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Hurricane Hermine Moves Closer To Florida


Hurricane Hermine made landfall in Florida’s Big Bend region Friday morning. She’s the first hurricane to hit the Sunshine State since Wilma in October, 2005. 

Gov. Rick Scott is urging Gulf Coast residents to take immediate precautions for Hermine, which became a Category-1 storm early Thursday afternoon. 

“Three days of water; three days of food,” said the Governor. “If you need medicine, make sure you have it. You have no idea if you’ll be able to get it after the storm hits. Have batteries; have a battery-powered radio.”

Scott has ordered state government offices in 51 counties, including those in Escambia, Santa Rosa, Okaloosa and Walton Counties, to close. Six thousand Florida National Guard troops and equipment also stand ready if needed.  

The western Panhandle is not part of the watch and warning areas. Walton County had been in that area, but Emergency Management Director Jeff Goldberg says that changed on Thursday. 

“We had a conversation with the National Weather Service [and] got some information that we may not be impacted by any of the winds or rain from the storm,” said Goldberg. “They continue to confirm that. Maybe a little bit of rain, probably a little bit of storm surge, maybe 1-3 feet, and some beach erosion.”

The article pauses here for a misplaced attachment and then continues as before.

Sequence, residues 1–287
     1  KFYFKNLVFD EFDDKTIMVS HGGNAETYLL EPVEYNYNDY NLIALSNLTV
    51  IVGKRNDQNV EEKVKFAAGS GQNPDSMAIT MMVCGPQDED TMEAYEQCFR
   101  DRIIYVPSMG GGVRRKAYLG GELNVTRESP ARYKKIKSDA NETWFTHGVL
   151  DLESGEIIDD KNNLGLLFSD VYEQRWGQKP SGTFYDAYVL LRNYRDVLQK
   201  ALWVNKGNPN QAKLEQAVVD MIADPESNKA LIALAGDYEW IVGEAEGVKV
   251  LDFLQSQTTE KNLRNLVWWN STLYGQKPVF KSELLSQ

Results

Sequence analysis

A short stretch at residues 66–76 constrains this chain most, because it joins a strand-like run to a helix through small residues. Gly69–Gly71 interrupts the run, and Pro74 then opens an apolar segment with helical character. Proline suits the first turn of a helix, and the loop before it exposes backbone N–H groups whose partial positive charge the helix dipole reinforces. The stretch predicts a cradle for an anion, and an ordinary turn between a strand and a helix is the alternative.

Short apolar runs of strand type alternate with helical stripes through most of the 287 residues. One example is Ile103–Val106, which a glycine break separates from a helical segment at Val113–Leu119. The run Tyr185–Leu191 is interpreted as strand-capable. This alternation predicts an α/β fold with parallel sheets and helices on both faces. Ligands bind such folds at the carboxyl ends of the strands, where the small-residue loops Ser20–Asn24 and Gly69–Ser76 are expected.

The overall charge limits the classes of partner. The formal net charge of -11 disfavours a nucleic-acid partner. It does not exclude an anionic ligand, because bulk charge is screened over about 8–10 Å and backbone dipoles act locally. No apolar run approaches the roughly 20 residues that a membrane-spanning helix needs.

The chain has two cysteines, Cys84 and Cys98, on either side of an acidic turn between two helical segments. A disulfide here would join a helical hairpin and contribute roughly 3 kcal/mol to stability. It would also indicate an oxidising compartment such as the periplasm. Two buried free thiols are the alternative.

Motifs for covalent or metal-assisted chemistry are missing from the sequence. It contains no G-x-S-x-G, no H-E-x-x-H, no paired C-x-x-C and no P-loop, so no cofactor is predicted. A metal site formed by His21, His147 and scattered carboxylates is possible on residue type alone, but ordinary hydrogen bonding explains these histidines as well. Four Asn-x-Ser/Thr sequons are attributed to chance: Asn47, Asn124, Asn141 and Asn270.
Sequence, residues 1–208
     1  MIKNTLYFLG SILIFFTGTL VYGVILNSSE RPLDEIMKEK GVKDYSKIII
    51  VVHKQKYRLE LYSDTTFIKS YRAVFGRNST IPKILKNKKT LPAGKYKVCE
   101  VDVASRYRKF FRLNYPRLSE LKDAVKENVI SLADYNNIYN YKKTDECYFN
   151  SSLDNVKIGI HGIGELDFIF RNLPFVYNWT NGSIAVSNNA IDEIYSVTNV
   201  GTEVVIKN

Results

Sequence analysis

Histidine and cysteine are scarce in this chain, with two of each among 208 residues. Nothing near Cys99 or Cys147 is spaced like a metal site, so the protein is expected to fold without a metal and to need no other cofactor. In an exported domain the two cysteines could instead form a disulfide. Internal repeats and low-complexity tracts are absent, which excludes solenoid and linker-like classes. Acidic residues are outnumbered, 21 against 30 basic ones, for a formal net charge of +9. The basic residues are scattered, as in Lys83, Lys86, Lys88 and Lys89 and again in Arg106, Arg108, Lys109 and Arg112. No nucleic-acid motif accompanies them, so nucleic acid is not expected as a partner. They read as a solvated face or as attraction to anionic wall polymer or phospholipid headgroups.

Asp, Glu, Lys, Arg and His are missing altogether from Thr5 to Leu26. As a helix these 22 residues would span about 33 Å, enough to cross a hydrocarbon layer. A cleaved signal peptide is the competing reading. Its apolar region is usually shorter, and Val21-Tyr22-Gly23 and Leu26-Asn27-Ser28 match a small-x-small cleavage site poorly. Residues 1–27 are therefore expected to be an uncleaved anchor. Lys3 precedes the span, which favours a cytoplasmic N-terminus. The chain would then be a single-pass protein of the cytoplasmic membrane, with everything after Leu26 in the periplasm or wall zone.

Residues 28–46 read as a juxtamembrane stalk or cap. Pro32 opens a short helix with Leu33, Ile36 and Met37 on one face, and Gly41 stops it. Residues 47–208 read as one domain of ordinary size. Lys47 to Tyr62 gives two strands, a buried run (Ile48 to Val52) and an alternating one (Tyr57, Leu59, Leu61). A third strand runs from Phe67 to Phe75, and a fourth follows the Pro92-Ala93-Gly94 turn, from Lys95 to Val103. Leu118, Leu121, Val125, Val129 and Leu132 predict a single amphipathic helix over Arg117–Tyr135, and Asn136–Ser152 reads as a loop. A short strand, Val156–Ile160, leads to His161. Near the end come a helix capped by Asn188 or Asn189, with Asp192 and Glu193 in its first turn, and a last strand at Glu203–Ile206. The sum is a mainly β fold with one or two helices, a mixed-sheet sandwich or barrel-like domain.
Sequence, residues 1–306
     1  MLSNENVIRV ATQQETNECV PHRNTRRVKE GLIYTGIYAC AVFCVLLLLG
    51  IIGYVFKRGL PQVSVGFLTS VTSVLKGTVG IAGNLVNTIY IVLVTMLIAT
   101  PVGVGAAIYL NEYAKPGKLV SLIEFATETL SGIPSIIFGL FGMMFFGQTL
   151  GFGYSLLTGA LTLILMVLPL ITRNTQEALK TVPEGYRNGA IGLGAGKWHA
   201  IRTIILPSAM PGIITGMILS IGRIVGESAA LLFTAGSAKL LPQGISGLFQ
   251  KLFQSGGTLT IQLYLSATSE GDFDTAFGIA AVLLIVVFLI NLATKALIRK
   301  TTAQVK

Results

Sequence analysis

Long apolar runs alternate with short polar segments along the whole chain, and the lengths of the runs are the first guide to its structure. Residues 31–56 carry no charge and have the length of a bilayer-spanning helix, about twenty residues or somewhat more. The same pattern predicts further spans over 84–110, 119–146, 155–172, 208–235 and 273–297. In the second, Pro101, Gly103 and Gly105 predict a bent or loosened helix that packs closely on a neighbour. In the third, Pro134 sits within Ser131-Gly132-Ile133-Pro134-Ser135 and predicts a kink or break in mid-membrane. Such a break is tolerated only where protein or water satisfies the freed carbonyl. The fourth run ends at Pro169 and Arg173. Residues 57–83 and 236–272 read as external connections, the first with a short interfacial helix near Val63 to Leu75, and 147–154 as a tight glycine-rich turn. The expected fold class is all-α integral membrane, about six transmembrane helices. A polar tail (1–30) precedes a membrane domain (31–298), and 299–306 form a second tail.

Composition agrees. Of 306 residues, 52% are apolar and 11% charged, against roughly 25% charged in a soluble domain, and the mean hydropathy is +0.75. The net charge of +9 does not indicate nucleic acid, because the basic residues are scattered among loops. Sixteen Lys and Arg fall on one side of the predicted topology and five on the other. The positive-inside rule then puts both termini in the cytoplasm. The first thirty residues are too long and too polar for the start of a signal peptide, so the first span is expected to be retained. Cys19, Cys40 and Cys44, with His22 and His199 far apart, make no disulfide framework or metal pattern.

Voluntary evacuation orders for Walton County were canceled, and the shelter that had been opened, closed. Walton County Emergency Operations went from Level-2 activation to Level-3 – the lowest level – Thursday evening. But Goldberg urges residents to stay prepared. 

“Weather changes so much in Florida”, Goldberg says. “We urge people to be vigilant, and watch the weather year-round, be prepared and have a disaster preparedness plan and a disaster kit.”

Numerous utility companies are readying crews, vehicles and equipment to go to the hardest-hit areas to restore services after the storm, including Gulf Power Company. Spokesman Jeff Rogers says they’ve been watching the system for the past week. 

“Our crews from across our service area right now are mustering to get ready to deploy to the Panama City area,” says Rogers. “It looks like the storm is going to brush by there.”

Joining Gulf Power workers are counterparts from sister utility Mississippi Power. There’s always a lot of work to be done after a tropical storm or hurricane moves through. Some recent work on the strength of the utility’s power grid appears ready to pay off. 

While the Panama City area is Gulf Power’s initial stop, Rogers says it may not be the only one.

“We may go and assist in central and south Florida, or North Florida, after the storm passes through, depending on where the outages are, and after we finish up here at home in northwest Florida,” Rogers said.

A little closer to home, big waves and extremely rough surf have led to red flag warnings at Pensacola Beach and elsewhere.